Wednesday, August 26, 2020

Trump Campaign’s Hopes Rest on Boosting White Working-Class Turnout

There are millions of potential Trump supporters who didn’t show up to vote in 2016. But getting them to the polls won’t be easy.
Not long ago, white working-class voters flooded to the polls in unusually large numbers to help the GOP win the White House. But that year wasn’t 2016. It was 2004, and the president they turned out to re-elect was George W. Bush.
Today, Mr. Bush’s achievement in driving turnout suggests an opportunity for another Republican re-election bid. Donald Trump’s campaign has said its strategy is to boost voter registration and turnout among the people who most support him—largely, the white working class—a goal distinct from trying to persuade undecided groups or Democrats to move his way.
An analysis of voter data shows that the opportunity, at least on paper, is substantial.
White voters without four-year college degrees, often called the white working class, make up the largest share of nonvoters in many battleground states, and Mr. Bush showed that it’s possible to boost turnout significantly among that group.
For Mr. Trump, the target is voters such as Kyle Campbell of Blanchester, Ohio, who sat out the 2016 election. “I like Trump because he’s a no-bull—kind of guy,” said Mr. Campbell, 26, who works in manufacturing. He supports much of what the president has done, such as taking a tough line on China. “I’m 100% voting for Trump.”
Assuming the same turnout rates as in 2016, about 62% of Michigan’s nonvoters this year, or 1.6 million people, would be white residents without a four-year college degree, according to an analysis of census data by William Frey, a Brookings Institution demographer. In Pennsylvania, white residents without degrees also would account for about 62% of nonvoters, or 2.1 million residents. In Wisconsin, they would account for 67% of nonvoters, or more than 800,000 people. Mr. Trump won each of the three states by a margin of less than 1 percentage point.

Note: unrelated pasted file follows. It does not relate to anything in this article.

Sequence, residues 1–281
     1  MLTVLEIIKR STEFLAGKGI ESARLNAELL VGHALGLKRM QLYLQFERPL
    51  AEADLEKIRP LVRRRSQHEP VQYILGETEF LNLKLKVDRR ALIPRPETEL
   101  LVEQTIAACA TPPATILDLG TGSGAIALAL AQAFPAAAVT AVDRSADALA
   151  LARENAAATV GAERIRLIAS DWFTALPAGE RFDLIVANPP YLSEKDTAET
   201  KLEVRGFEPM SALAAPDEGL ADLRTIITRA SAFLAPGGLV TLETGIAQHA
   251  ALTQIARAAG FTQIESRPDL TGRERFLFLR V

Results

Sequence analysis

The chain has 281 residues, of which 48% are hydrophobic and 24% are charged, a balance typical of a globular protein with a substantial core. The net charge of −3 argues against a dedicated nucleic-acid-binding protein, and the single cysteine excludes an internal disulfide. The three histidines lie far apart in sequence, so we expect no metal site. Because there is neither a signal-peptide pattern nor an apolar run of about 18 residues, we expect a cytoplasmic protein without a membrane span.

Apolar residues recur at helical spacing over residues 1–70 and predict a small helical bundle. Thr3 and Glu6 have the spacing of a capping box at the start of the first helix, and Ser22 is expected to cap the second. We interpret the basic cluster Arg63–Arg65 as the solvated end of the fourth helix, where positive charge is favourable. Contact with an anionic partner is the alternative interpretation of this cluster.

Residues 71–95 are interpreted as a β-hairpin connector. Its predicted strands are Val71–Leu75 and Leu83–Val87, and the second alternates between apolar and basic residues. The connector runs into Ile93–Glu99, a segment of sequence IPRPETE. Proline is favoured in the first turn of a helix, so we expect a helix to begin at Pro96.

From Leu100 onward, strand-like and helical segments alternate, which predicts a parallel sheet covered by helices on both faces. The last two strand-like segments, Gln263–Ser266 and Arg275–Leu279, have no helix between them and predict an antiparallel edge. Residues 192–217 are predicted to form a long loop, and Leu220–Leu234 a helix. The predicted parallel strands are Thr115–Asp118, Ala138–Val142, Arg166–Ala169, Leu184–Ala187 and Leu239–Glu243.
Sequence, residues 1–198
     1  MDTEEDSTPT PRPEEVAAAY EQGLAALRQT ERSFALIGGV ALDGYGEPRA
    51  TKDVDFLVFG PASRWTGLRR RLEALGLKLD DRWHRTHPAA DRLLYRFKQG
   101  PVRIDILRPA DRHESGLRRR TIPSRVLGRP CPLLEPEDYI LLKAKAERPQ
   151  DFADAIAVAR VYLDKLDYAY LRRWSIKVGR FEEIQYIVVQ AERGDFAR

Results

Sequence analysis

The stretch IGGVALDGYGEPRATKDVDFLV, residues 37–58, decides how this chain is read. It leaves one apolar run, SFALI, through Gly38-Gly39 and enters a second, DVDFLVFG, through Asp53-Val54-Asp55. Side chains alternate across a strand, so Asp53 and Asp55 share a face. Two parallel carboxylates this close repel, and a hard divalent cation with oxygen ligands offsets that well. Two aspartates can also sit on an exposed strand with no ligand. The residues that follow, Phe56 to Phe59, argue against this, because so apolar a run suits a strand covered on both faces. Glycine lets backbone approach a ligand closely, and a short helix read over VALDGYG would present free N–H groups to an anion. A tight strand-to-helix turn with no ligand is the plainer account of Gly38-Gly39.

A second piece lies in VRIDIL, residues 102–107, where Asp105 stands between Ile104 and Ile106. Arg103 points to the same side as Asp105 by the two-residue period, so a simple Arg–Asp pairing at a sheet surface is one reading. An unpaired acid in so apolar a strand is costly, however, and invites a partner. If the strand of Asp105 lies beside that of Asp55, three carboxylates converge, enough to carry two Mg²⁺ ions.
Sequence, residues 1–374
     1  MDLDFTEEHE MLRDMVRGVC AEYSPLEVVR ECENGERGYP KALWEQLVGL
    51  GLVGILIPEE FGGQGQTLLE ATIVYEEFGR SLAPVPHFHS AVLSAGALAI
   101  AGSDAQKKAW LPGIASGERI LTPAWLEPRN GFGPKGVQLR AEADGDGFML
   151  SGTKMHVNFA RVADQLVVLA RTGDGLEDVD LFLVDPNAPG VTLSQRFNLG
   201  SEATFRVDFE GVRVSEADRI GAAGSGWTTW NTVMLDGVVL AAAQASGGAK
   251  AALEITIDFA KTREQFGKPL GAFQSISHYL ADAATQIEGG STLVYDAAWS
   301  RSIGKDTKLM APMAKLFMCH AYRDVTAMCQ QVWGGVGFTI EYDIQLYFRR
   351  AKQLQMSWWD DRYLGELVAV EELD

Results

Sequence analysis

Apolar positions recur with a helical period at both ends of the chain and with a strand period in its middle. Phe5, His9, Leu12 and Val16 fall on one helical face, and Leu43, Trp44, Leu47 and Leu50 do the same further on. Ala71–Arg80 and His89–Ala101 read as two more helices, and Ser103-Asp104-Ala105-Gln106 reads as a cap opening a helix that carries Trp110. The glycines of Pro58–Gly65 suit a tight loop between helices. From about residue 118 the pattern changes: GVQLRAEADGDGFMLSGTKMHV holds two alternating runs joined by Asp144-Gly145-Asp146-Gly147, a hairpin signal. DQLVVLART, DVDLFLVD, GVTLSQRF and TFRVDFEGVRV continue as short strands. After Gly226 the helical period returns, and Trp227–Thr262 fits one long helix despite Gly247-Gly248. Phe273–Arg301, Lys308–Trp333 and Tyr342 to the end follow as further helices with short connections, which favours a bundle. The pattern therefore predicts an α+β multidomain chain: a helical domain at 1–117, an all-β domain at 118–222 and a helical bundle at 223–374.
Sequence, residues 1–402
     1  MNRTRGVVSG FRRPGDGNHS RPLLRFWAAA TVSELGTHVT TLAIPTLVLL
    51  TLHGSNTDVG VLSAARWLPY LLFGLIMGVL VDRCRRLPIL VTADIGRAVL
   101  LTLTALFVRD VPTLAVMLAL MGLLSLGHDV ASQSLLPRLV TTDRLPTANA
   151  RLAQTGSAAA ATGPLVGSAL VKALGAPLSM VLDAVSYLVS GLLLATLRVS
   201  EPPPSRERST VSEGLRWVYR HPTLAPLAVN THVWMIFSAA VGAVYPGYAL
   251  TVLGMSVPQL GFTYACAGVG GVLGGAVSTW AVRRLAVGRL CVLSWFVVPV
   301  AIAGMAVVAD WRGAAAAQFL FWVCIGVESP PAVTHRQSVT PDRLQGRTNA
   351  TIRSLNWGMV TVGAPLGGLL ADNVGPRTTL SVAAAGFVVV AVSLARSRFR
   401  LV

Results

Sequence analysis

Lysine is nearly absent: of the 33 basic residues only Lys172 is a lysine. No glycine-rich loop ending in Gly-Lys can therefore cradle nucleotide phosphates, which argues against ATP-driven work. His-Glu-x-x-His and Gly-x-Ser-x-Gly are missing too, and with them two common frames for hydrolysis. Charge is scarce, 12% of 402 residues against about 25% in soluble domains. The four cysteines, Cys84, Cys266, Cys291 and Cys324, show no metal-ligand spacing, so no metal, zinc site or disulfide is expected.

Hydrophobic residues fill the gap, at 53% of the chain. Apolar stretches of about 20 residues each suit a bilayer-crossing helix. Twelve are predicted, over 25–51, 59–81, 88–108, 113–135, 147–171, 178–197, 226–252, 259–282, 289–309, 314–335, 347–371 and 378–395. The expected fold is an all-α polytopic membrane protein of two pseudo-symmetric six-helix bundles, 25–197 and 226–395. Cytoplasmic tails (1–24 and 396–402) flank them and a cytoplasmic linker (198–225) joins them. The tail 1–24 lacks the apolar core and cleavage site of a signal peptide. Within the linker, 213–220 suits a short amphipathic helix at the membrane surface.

Photo: Charles Mostoller/Reuters
Those pools of potential voters are so large that even a modest increase in turnout would give a significant boost to Mr. Trump, assuming that he maintained his high, 60%-plus share of their vote from the last election. Wall Street Journal/NBC News polls over the January-to-July period show his support has held at about 60% among these voters.
Mr. Trump’s campaign has said the president’s key to victory is to focus on his core supporters and to drive out what it believes are hidden Trump voters or those who make up a “silent majority.”
“There’s a rational explanation for why he never reached across the aisle. He saw a bigger plot of real estate among the people who never engaged in the election in 2016 to begin with,” said GOP pollster Micah Roberts, who isn’t affiliated with the campaign. “Those people are a huge chunk of the potential vote.’’
It’s a tough challenge for any campaign to persuade people who aren’t in the habit of voting to register and cast ballots. Despite the enthusiasm Mr. Trump generated among his core supporters, it wasn’t a surge of new voters that won the election for him in 2016. Turnout among white, noncollege voters, in fact, was down from 2012 levels in Michigan and Wisconsin, Mr. Frey’s analysis shows.
Read the rest from the WSJ HERE.

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